Stuff that works, stuff that holds up
The kind of stuff you don’t hang on the wall
Stuff that’s real, stuff you feel
The kind of stuff you reach for when you fall
Lyrics from the great singer/songwriter Guy Clark. What kind of stuff do you reach for? When the chips are down? Clark sings about an ol’ blue shirt, an old guitar, an ol’ pair of boots. I tend to reach for a tattered notebook and a pen, one that hopefully still has some ink in it. I go through them. The current one is turquoise.
Stuff that works and holds up.
I’m thinking about stuff, mostly because I just moved boxes and boxes and boxes of stuff. It’s truly horrifying how much stuff I had and still have. It’s a responsibility, stuff. Stuff needs you. Your attention. Your tender loving care. Even two tiny amber toothpick holders. I’ll explain. In her later years, my mom started shopping in antique stores, decided amber glass was stuff her eldest daughter should have, collected pieces for me on her travels. I don’t recall if she bought both of these toothpick holders, but I discovered as I emptied the cupboard that I had numerous vessels containing various types and styles of toothpicks. My husband B and I entertain a lot, people bring stuff, leave stuff. I was halted in my tracks by the sheer number of toothpicks in our possession, and whether I should keep these wee amber containers. Would Mom, who passed many years ago, know? Care?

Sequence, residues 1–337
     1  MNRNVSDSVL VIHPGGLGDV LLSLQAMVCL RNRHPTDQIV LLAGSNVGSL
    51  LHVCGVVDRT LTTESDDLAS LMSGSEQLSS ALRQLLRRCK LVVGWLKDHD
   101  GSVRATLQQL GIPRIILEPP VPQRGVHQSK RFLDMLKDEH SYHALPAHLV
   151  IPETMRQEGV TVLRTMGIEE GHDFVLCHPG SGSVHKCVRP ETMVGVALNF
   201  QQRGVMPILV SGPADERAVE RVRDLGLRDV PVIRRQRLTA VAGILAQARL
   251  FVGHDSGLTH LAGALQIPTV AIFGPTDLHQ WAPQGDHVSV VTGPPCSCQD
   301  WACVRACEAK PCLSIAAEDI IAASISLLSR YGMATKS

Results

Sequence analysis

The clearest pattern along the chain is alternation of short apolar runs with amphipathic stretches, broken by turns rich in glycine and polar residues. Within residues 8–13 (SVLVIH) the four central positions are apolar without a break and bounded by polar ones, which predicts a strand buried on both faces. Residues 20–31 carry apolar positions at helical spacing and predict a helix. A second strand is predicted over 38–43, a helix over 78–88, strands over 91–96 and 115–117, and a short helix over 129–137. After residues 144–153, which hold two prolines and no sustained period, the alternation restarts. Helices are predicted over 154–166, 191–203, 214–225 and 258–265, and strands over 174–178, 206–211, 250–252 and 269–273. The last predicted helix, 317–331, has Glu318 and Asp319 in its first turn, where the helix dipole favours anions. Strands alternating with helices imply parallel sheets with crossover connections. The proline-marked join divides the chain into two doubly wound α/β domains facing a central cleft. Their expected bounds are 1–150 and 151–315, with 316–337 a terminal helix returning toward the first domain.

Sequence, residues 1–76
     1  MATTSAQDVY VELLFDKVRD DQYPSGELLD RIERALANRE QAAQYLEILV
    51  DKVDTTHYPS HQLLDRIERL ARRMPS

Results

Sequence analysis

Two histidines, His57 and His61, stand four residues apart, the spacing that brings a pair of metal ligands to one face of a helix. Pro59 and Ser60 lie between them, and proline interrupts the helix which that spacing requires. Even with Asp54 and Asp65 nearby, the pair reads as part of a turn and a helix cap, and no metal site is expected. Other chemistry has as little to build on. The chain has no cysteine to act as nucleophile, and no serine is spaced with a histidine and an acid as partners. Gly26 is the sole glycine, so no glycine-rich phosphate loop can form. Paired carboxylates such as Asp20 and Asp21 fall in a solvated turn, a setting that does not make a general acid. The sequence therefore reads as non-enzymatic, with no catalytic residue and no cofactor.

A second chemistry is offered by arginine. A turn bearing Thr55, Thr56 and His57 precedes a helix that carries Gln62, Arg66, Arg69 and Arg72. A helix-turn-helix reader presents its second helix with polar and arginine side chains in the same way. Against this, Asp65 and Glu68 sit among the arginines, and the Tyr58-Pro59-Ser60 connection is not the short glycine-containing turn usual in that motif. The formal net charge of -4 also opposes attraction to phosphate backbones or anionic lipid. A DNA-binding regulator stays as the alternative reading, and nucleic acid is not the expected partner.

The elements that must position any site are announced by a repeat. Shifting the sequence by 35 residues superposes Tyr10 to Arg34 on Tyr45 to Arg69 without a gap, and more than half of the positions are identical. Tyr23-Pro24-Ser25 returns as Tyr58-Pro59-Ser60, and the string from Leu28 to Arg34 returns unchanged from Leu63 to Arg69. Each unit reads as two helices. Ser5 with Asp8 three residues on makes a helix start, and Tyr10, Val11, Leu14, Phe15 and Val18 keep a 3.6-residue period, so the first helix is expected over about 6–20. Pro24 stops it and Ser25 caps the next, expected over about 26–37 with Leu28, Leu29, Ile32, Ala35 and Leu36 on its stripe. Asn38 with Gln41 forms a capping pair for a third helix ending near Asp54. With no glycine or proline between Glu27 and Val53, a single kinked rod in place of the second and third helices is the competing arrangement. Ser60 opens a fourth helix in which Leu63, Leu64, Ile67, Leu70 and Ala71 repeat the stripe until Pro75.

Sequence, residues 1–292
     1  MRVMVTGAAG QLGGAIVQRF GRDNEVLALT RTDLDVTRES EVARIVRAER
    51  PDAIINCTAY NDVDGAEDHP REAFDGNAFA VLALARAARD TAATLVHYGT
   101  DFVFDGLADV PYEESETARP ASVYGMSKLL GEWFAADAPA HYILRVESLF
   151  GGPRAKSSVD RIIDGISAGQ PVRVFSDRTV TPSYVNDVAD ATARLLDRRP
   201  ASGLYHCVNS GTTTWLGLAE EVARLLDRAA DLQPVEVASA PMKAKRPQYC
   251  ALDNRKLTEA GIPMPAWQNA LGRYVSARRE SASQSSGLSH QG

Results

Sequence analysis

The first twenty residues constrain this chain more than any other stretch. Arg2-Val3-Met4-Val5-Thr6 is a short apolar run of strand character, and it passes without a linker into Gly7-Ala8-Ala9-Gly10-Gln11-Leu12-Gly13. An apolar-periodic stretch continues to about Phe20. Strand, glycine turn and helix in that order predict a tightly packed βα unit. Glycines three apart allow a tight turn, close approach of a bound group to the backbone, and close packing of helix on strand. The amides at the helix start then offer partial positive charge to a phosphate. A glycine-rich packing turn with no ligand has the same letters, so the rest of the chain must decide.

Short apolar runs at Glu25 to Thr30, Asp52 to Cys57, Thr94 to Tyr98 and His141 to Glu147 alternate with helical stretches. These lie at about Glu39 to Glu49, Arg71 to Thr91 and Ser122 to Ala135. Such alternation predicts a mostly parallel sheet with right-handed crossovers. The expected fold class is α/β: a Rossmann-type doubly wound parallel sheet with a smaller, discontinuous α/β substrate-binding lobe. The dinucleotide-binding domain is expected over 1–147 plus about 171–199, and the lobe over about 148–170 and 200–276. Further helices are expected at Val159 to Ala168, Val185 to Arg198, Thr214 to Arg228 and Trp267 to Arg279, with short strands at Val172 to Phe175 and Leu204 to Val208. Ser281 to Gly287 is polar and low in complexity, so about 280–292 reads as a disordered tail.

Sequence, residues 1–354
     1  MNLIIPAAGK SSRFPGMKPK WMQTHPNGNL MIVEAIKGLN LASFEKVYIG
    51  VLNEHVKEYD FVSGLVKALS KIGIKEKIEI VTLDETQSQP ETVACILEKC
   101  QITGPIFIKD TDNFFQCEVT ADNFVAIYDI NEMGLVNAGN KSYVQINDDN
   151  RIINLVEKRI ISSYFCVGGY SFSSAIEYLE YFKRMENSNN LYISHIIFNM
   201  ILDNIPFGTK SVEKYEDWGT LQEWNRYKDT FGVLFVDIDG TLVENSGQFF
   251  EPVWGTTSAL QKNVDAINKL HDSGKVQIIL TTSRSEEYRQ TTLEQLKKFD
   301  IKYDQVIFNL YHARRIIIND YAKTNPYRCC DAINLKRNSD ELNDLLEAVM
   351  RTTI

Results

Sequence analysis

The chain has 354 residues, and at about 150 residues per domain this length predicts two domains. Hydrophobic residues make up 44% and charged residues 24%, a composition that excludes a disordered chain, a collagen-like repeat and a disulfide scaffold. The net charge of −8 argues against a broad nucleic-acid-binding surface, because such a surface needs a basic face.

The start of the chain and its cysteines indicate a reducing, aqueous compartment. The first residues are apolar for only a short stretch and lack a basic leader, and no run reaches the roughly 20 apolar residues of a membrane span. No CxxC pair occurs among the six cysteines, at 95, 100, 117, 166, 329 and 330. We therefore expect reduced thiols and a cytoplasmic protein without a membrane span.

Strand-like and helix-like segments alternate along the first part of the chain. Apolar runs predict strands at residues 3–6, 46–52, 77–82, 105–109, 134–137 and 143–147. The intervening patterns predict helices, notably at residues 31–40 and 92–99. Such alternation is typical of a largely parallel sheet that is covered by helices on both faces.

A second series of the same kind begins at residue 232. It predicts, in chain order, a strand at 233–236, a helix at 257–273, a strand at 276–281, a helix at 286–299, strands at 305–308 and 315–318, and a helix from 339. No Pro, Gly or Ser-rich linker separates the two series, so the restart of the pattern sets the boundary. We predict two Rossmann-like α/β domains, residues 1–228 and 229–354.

I wouldn’t reach for these if I was falling. Only if I had hemp seeds stuck in my teeth. Pretty small stuff, but I let them go in favour of one plastic self-contained container of toothpicks. The toothpicks can’t fall out and icky things can’t fall in.
Let’s go to the other side of the stuff spectrum. The big stuff. A solid oak Mennonite table with eight leaves. Anyone looking for such an item? Anyone have a big enough dining room? Anyone still digging oak? The thing is, with a table such as this, you wouldn’t reach for it if you were falling because you cannot fall from this thing. It’s been tested. You can put all eight leaves into it, stand on an end, jump up and down, and it will not break. It’s that well-made. It’s big stuff that works. Sadly, it’s fallen out of favour and no one is interested in it anymore. I kind of wish it could just go back to being the giant it once was: an oak tree. I would reach for its branches if I were falling.
It’s decadent, isn’t it? The amount of stuff we possess within a lifetime? And do we possess stuff, or does stuff possess us?
Simple stuff. That’s what, in the end, I believe matters. An ol’ blue shirt, an old guitar, an ol’ pair of boots. Broken-in stuff that feels soft to the touch, molds to the body, the heart.
I disagree with Clark, though, about the “kind of stuff you don’t hang on the wall”. You hang with artists, I suppose you end up wanting to hang good stuff on your walls. Original paintings speak to me. They’re stuff that works. They can’t hug me, like an ol’ blue shirt. Or soothe my feet, like an ol’ pair of boots. But their vivid colour? Their confident brush strokes? Those sing to my heart, like an old guitar. And no one can tell you what painting works. It’s personal.
Stuff. We come into the world without it. We leave without it. But we can’t get through life without a helluva lot of stuff. As I continue to downsize, I realize that I’m at a point in my life where I want to be in contact with much lesser quantities of quality stuff – that works, holds up, is real and I feel.